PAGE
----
Parties spar in Legislature over proposed 24-hour rule on amendments
by T.W. Budig
ECM Capitol reporter
A rules fight broke out on the House floor on Monday, Feb. 12, over a proposal by House Democrats to place in the permanent House rules a provision requiring members to submit amendments to bills 24 hours in advance of floor debate.
This may seem trivial, but not to House Republicans who view the provision as an attempt to squash them.
“Leadership has plenty of power,” Rep. Pat Garofalo, R-Farmington, argued on the House floor.
Garofalo, like other Republicans, depicts the provision as snapping a chain of good governance going back to statehood.
If lawmakers must file amendments a day early, this alerts the special interests and allows them 24-hours to muster their resources to defeat amendments they find objectionable, he said.
Beyond this, it lessens the creative power of House members to craft compromise on the House floor, Garofalo said.
Other Republicans blasted the provision.
“We are looking at changing 154 years of state history,” said Rep. Sarah Anderson, R-Plymouth.
Days later, House Minority Leader Kurt Daudt, R-Crown, was still denouncing the 24-hour rule.
“I didn’t fall off the turnip truck yesterday,” he said of falling to notice the perceived motives lurking behind the rule.
Democrats are afraid to vote on the amendments Republicans would offer, he said.
“And that’s what this is really about,” Daudt said.
House Majority Leader Erin Murphy, DFL-St. Paul, argued the 24-hour rule was a step toward orderliness.
“We need to come to the floor better prepared,” she said.
House Speaker Paul Thissen, DFL-Minneapolis, said no one was attempting to muzzle debate — the provision provides additional transparency, he argued late week.
It permits Minnesotans to weigh-in on the issues, he said.
But Rep. Jim Abeler, R-Anoka, said the goodwill in the House had been “shattered” by debate over the 24-hour rule.
This may all seem like inside baseball, but actually, if House Republicans are truly miffed, this could affect the likelihood of a bonding bill this session.
That’s because though Republicans are deep in the minority, Democrats cannot pass a bonding bill, which requires a super majority, without some Republican votes.
The day after the lengthy rules fight, House Health and Human Services Policy Chairwoman Tina Liebling, DFL-Rochester, said her committee would not follow the 24-hour rule.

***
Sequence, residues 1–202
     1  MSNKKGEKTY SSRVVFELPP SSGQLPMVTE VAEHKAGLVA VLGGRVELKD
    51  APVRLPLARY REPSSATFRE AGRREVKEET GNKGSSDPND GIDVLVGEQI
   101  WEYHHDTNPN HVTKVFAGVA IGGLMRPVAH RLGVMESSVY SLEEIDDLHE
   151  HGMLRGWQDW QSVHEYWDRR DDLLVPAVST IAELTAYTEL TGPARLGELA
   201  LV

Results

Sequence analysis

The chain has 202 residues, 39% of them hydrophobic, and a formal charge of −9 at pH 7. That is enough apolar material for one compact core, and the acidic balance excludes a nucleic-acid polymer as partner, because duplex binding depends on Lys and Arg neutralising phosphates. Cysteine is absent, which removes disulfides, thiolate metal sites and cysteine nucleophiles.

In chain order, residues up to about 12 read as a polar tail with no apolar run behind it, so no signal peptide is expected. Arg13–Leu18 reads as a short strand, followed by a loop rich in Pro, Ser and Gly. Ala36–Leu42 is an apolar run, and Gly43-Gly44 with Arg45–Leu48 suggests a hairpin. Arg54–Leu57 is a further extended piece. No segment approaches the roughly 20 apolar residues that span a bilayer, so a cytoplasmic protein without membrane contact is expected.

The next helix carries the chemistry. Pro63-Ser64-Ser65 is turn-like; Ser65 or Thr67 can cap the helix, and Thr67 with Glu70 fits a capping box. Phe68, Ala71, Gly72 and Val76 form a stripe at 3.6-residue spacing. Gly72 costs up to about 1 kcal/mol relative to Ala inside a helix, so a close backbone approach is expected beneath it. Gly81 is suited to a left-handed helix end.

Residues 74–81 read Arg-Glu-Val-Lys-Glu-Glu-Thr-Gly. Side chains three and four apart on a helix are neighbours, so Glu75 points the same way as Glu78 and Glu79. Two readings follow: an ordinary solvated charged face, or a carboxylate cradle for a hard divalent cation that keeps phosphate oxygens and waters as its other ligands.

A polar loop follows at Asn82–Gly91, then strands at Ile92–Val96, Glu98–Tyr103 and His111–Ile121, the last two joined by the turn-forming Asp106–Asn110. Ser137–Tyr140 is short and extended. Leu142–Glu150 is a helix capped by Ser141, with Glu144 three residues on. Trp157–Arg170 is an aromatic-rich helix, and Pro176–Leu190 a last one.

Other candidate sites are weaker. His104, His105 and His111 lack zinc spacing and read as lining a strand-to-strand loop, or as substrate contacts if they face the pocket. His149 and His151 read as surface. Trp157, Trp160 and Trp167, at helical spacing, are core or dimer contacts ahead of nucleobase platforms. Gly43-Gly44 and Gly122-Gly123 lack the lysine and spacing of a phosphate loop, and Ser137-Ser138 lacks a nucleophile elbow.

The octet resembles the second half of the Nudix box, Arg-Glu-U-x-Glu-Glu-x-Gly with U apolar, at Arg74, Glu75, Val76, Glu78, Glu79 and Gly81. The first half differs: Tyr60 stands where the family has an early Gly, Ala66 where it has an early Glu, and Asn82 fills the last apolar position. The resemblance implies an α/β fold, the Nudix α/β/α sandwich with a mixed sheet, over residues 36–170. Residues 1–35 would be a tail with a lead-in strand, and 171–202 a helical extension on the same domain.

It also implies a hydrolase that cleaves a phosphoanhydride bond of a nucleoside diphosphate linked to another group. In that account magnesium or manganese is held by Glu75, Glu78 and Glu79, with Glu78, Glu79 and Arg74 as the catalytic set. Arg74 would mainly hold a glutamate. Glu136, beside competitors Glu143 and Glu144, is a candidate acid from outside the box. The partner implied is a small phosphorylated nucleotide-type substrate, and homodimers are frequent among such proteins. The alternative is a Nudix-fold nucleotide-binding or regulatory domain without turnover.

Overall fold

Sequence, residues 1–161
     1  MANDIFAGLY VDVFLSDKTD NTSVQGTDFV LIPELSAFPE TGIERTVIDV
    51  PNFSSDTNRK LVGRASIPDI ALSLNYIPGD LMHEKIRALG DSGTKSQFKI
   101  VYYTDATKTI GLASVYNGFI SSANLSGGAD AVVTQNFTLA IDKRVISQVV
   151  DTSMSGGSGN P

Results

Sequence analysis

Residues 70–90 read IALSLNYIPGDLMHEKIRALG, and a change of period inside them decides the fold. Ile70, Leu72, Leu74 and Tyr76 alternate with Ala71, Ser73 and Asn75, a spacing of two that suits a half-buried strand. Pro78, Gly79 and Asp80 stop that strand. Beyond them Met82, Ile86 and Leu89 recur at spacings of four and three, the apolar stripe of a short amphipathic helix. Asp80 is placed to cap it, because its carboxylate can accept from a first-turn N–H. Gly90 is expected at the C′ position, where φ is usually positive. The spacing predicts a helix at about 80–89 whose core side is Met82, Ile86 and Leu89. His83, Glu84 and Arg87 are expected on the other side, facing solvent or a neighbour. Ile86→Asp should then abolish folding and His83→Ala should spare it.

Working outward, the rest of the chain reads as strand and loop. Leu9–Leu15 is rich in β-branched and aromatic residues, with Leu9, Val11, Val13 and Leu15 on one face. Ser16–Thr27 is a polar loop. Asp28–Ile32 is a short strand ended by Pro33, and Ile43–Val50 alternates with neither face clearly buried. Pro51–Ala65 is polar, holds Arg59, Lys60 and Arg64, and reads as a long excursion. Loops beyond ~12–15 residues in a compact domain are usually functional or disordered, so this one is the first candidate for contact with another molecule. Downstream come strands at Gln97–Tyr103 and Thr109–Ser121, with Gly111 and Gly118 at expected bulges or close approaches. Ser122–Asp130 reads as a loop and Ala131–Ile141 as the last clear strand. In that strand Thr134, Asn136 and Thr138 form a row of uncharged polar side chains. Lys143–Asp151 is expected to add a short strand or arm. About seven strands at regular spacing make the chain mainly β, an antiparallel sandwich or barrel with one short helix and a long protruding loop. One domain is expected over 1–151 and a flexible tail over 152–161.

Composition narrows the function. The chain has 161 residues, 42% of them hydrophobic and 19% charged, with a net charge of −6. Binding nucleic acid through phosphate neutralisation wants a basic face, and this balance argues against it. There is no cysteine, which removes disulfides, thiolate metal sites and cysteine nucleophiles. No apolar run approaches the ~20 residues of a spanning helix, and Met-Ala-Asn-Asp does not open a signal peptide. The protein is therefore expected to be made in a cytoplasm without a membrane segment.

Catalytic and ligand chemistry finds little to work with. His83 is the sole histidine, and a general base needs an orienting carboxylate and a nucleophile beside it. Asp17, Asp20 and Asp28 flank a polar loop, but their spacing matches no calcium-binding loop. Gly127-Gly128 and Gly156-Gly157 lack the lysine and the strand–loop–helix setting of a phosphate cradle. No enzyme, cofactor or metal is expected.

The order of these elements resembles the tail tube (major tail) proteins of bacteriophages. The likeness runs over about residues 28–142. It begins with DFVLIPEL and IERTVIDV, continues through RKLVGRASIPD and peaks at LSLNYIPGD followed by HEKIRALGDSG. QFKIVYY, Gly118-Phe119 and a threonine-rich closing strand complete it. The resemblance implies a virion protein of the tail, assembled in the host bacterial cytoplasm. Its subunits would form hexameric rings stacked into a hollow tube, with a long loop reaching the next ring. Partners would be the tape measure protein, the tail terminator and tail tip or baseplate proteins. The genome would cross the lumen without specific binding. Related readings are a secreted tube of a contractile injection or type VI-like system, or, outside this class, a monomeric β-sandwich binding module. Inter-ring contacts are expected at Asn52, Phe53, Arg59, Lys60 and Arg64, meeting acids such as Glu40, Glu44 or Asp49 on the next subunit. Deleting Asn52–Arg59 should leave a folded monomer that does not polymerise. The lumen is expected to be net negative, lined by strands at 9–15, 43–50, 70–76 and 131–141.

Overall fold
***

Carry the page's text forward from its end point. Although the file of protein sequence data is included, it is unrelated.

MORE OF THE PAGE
Republican members thanked her.
In other action, the Democratic House and Senate approved an expansion to Medicaid, an option under the federal Affordable Care Act. Democrats argued it would save the state billions of dollars and cover 35,000 previously uninsured Minnesotans.
Republicans countered by arguing the federal government was broke and warned of empty promises.
A number of area lawmakers signed onto legislation pushed by the group Healthy Legacy to remove perceived harmful chemicals from products that children use or come in contact with.
One bill, carried by Sen. Ann Rest, DFL-New Hope, would require personal care products intended for children to be formaldehyde-free within a year.
Other legislation, to be carried by Sen. Chris Eaton, DFL-Brooklyn Center, and Rep. Ryan Winkler, DFL-Golden Valley, requires manufacturers to report the presence of certain chemicals in their children’s products and gives state agencies the authority to require a phase-out of certain chemicals and their replacement with safer alternatives.
She was interested in the legislation, Eaton said, because she’s a grandmother.
Winkler, when asked whether the legislation would cause product shortages or prices to rise, said the legislation could be tweaked in upcoming sessions.
Senate Majority Leader Tom Bakk, DFL-Cook, spends a lot of time “managing expectations” of people trying to secure additional state spending, he said.
Bakk reminds them that Democratic Gov. Mark Dayton’s proposed state budget is based on the tax reform.
“You can’t have one without the other,” he said of the additional spending and tax reform.
“Everyone wants to pay less,” Bakk said of taxes.
House Speaker Paul Thissen, DFL-Minneapolis, and Bakk kept their distance from the issue of same-sex marriage — a large crowd rallied last week at the State Capitol demanding passage.
“I’m not going to guarantee that a bill will pass this year, because I don’t know,” Thissen said.
Legislative leaders, Republican and Democrats alike, say they haven’t yet discussed same-sex marriage in their respective caucuses.
“This is an issue that’s deeply divisive in Minnesota,” House Minority Leader Kurt Daudt, R-Crown said.
The minority leader indicated he did not support same-sex marriage.
Tim Budig can be reached at firstname.lastname@example.org